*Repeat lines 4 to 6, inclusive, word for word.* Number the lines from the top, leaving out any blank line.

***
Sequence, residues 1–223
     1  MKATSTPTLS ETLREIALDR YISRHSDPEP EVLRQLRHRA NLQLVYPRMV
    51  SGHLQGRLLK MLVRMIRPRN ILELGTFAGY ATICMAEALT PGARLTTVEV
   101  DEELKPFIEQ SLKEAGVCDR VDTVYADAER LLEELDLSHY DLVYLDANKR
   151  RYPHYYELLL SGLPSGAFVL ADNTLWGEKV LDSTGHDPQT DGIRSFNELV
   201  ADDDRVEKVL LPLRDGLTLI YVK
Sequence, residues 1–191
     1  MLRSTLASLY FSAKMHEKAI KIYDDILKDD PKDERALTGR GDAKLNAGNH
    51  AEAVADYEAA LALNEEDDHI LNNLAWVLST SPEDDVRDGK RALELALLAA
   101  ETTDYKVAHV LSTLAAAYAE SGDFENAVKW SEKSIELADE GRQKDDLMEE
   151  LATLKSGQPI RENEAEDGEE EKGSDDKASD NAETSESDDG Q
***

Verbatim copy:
   101  DEELKPFIEQ SLKEAGVCDR VDTVYADAER LLEELDLSHY DLVYLDANKR
   151  RYPHYYELLL SGLPSGAFVL ADNTLWGEKV LDSTGHDPQT DGIRSFNELV
   201  ADDDRVEKVL LPLRDGLTLI YVK